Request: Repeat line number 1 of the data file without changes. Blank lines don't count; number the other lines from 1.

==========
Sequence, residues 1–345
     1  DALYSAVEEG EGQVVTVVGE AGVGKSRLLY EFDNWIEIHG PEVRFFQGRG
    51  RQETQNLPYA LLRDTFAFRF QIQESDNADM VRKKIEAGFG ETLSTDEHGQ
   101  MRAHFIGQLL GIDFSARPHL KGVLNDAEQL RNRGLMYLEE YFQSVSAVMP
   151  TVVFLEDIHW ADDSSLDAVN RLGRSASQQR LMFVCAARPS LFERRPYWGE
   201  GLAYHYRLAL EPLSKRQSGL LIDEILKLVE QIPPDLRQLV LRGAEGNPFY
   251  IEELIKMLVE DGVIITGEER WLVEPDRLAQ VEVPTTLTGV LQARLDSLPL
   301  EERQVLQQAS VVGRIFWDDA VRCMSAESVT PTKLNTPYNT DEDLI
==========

Sequence, residues 1–345